The system administrator is responsible for placing the
          default user files in the /etc/skel/ directory (or any other
          skeleton directory specified in /etc/default/useradd or on
          the command line).

     CAVEATS
          You may not add a user to a NIS or LDAP group. This must be
          performed on the corresponding server.

          Similarly, if the username already exists in an external
          user database such as NIS or LDAP, useradd will deny the
          user account creation request.

          It is usually recommended to only use usernames that begin
          with a lower case letter or an underscore, followed by lower
          case letters, digits, underscores, or dashes. They can end
          with a dollar sign. In regular expression terms:
          [a-z_][a-z0-9_-]*[$]?

          On Debian, the only constraints are that usernames must
          neither start with a dash ('-') nor plus ('+') nor tilde
          ('~') nor contain a colon (':'), a comma (','), or a
          whitespace (space: ' ', end of line: '\n', tabulation: '\t',
          etc.). Note that using a slash ('/') may break the default
          algorithm for the definition of the user's home directory.

          Usernames may only be up to 32 characters long.

     CONFIGURATION
          The following configuration variables in /etc/login.defs

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          change the behavior of this tool:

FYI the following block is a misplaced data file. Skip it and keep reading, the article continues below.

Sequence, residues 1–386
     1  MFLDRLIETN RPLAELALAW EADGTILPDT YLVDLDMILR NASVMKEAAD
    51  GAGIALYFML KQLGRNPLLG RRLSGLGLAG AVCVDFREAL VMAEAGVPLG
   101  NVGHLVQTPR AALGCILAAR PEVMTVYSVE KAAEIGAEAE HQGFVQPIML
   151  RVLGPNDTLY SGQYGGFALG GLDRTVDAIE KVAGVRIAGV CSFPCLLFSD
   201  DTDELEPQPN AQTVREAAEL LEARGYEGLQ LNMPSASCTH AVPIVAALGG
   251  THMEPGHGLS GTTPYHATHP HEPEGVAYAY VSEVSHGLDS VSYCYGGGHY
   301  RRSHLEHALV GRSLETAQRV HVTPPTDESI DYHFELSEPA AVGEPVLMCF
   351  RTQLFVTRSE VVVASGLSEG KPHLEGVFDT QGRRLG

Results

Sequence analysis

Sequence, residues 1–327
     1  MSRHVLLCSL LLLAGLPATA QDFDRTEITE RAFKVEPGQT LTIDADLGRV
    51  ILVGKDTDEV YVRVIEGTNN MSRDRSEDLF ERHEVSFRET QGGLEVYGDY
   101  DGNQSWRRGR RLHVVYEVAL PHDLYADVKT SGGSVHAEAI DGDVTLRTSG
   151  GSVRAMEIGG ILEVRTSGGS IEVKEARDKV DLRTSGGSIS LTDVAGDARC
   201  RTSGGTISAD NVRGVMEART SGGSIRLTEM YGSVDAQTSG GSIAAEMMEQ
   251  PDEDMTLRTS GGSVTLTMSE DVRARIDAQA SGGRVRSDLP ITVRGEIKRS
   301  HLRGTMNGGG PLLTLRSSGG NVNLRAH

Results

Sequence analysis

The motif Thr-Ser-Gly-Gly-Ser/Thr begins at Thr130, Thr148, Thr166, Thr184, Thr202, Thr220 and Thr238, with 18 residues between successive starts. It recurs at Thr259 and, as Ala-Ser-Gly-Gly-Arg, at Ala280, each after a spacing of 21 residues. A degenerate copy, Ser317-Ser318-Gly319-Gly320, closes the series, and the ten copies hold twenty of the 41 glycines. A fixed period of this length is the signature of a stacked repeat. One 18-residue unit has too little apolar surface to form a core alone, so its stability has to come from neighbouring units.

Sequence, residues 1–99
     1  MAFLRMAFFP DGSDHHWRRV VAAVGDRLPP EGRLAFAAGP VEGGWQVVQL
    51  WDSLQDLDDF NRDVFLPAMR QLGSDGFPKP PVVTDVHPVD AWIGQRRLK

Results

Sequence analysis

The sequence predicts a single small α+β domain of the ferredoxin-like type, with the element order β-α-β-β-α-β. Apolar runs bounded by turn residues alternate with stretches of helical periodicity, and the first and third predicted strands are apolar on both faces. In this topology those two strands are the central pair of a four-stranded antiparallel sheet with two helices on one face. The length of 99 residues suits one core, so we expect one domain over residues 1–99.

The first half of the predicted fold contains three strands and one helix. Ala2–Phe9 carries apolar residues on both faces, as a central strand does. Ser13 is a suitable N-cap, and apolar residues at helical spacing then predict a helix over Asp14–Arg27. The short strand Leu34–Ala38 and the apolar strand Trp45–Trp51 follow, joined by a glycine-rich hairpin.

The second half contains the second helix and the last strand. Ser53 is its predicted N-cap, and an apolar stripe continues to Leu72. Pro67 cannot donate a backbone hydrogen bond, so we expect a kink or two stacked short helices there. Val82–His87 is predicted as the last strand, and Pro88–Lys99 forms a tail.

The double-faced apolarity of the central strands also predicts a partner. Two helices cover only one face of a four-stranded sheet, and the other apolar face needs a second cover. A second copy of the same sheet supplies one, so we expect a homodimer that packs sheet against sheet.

CREATE_HOME (boolean)
              Indicate if a home directory should be created by
              default for new users.

              This setting does not apply to system users, and can be
              overridden on the command line.

          GID_MAX (number), GID_MIN (number)
              Range of group IDs used for the creation of regular
              groups by useradd, groupadd, or newusers.

              The default value for GID_MIN (resp.  GID_MAX) is 1000
              (resp. 60000).

          HOME_MODE (number)
              The mode for new home directories. If not specified, the
              UMASK is used to create the mode.

              useradd and newusers use this to set the mode of the
              home directory they create.

          LASTLOG_UID_MAX (number)
              Highest user ID number for which the lastlog entries
              should be updated. As higher user IDs are usually
              tracked by remote user identity and authentication
              services there is no need to create a huge sparse
              lastlog file for them.

              No LASTLOG_UID_MAX option present in the configuration
              means that there is no user ID limit for writing lastlog
              entries.

          MAIL_DIR (string)
              The mail spool directory. This is needed to manipulate
              the mailbox when its corresponding user account is
              modified or deleted. If not specified, a compile-time
              default is used.

          MAIL_FILE (string)